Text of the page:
Argentines are generally very open, friendly and generous, and there is no better bunch of people with whom to celebrate the end of one year and the start of another. If you are lucky enough to know some locals, try and spend New Year’s Eve with them to get a real taste of how the natives celebrate. New Year’s, like Christmas, is a fairly low-key, family affair, and the night really revolves around eating and drinking. If you are in the city, it is common to go out on the town after you have eaten dinner with your relatives.
A staple of New Year’s Eve pretty much anywhere in the world, celebratory fireworks are popular with Argentines, and they really pull out all the stops on New Year’s Eve. If you are in a city, try and get up high on a roof terrace to watch the fireworks light up the sky when the clock strikes 12, and say “Feliz Año!” to those around you. If you are spending New Year’s in the capital Buenos Aires, you can go down to Puerto Madero, the city’s most important port, on the banks of the Rio de la Plata, and see the fireworks that are put on by the city government shoot over the river. Alternatively, if you are in the country, most people will bring their own fireworks and set them off in the garden
As January is when the summer holidays begin, most Argentines try to leave the city around this time to spend a month or two in the country. Whether you decide to head down the coast to places such as Mar del Plata, Pinamar or Miramar, or across to Uruguay to Punta del Este or Cabo Polonia, getting out of the city is one of the best ways to spend New Year’s Eve. Renting a quinta, or country house, for a few days is easy in Argentina, as there are plenty dotted around the pampa, or grassy flatlands, that occupy massive swathes of the country. Head to the hills of Cordoba for an idyllic country experience.
If you decide to stay in the big smoke, one of the best things you can do is head down to the Palermo Hollywood intersection of Gorriti and Ravignani and go to the free street party that happens there in most years. There will be a bit of a buzz going on in the city in the days leading up to the party, so you will hear through word of mouth more than anything about what time it will start. The bars that line the street often set up stands to sell drinks, and DJs spin danceable tunes from booths set up at street junctions. It is free and a good call if you don’t have any fixed plans.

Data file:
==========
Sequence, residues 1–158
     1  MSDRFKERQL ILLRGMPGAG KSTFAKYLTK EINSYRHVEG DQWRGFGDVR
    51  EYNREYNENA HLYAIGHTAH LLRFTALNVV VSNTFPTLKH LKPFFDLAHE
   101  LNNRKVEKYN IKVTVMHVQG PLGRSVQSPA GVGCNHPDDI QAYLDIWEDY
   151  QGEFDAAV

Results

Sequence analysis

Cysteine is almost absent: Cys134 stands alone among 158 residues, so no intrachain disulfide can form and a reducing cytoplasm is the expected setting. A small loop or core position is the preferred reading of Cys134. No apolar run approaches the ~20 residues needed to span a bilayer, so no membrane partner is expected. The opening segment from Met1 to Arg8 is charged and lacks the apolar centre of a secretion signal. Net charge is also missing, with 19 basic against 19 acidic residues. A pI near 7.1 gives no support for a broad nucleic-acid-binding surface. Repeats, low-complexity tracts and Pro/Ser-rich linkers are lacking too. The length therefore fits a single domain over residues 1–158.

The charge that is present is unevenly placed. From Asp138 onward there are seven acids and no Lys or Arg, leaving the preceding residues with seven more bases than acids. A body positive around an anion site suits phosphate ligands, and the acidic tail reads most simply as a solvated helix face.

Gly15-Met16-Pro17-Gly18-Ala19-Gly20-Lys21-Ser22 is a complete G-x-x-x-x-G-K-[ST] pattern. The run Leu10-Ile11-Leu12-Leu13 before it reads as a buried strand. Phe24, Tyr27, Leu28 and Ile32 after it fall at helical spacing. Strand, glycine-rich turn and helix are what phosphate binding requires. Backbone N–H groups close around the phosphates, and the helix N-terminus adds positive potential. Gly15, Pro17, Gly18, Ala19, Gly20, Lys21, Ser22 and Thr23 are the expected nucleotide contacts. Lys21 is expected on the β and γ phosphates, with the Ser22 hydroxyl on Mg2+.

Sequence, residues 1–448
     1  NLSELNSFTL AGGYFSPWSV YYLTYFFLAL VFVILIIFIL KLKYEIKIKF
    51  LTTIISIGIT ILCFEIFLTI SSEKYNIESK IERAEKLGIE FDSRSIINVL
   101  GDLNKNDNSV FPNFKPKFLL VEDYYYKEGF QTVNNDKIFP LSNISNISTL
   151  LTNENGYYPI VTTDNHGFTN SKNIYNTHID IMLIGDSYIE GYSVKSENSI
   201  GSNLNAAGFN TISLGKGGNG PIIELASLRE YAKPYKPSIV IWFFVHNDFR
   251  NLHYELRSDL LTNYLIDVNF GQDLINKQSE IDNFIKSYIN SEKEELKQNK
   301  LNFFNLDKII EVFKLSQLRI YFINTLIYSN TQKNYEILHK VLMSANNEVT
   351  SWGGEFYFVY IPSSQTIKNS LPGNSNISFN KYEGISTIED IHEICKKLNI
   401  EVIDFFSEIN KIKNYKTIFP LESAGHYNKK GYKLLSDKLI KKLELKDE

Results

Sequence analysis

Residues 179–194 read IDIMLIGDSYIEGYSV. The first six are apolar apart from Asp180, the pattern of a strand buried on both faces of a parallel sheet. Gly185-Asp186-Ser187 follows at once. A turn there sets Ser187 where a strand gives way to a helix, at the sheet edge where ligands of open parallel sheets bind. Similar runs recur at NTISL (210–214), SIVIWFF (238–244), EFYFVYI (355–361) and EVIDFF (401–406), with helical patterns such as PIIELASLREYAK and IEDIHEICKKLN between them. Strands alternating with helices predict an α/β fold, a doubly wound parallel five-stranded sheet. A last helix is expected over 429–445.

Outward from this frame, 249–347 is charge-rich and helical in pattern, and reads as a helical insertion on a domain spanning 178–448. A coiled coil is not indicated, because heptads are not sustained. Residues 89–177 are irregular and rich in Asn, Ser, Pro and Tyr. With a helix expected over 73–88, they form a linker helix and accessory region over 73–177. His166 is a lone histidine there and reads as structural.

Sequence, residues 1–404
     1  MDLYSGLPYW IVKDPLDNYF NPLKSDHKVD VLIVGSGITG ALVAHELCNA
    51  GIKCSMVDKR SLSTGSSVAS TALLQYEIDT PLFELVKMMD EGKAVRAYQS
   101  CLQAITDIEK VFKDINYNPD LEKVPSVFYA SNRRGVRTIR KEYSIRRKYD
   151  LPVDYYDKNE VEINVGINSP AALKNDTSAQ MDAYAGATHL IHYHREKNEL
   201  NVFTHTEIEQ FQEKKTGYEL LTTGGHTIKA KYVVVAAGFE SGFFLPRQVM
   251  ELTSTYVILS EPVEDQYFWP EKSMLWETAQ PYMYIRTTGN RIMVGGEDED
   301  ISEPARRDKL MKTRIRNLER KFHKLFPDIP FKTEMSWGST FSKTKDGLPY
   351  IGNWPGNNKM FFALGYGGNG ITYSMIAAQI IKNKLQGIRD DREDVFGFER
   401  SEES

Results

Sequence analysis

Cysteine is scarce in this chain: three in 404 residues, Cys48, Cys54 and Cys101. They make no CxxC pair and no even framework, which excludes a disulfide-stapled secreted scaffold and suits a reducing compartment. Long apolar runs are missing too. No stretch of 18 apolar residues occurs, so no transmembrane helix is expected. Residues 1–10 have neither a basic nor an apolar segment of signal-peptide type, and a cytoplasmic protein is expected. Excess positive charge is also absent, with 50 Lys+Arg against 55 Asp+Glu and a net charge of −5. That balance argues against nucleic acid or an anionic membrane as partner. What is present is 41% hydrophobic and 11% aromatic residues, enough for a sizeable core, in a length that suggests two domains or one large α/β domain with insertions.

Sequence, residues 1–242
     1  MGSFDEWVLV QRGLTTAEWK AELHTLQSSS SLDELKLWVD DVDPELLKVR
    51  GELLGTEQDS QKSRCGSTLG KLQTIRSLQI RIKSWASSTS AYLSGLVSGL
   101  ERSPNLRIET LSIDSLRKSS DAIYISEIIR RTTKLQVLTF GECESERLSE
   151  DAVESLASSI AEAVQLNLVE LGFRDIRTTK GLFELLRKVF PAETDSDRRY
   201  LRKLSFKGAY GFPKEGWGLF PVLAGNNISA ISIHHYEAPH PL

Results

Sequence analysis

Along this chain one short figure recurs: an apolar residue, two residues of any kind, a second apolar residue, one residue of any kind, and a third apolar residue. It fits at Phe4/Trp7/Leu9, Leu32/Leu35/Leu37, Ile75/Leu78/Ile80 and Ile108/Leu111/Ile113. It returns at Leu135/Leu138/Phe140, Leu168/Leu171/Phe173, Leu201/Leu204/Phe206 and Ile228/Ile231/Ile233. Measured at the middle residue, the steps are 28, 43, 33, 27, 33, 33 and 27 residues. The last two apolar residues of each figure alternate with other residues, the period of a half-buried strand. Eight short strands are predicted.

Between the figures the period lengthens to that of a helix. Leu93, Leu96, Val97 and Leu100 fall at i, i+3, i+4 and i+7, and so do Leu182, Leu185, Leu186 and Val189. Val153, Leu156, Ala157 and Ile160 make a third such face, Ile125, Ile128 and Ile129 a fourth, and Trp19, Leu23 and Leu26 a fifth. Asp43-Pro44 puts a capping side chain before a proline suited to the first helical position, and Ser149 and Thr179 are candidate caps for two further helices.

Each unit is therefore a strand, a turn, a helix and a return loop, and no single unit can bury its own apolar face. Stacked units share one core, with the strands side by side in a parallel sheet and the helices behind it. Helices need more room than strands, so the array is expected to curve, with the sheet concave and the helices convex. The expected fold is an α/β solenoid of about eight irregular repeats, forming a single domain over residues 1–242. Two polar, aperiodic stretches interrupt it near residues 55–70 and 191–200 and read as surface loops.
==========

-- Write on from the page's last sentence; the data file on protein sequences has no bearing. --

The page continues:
Marvel at the beauty of the world by heading down to the wilds of Patagonia for New Year’s Eve. Whether you are in El Calafate, El Chalten, Bariloche or El Bolson, waking up in a different year will seem all the more significant with the pure, mountain air and incredible landscapes you can find here. Just being in Patagonia reminds you of all the beauties that life holds, and what better time to appreciate being alive than in the New Year?
Welcoming in the New Year in Ushuaia has to be a once-in-a-lifetime experience. It is the world’s southernmost city, and you will probably even get a bit of snow, even if it’s only atop a faraway mountain, to make it feel like the holiday season. Send a postcard from one year that will arrive at home in the new one; Ushuaia definitely feels like a place that transcends the barriers of time and space.
Spending New Year’s on a vineyard in Mendoza is sure to be a night to remember. Watch the sun go down over the imposing Andes mountain range in the background, and drink and be merry with some homegrown, world-famous Malbec. In the morning, see the sun rise over the mountains, and take a bike ride to usher in the new dawn against this stunning backdrop.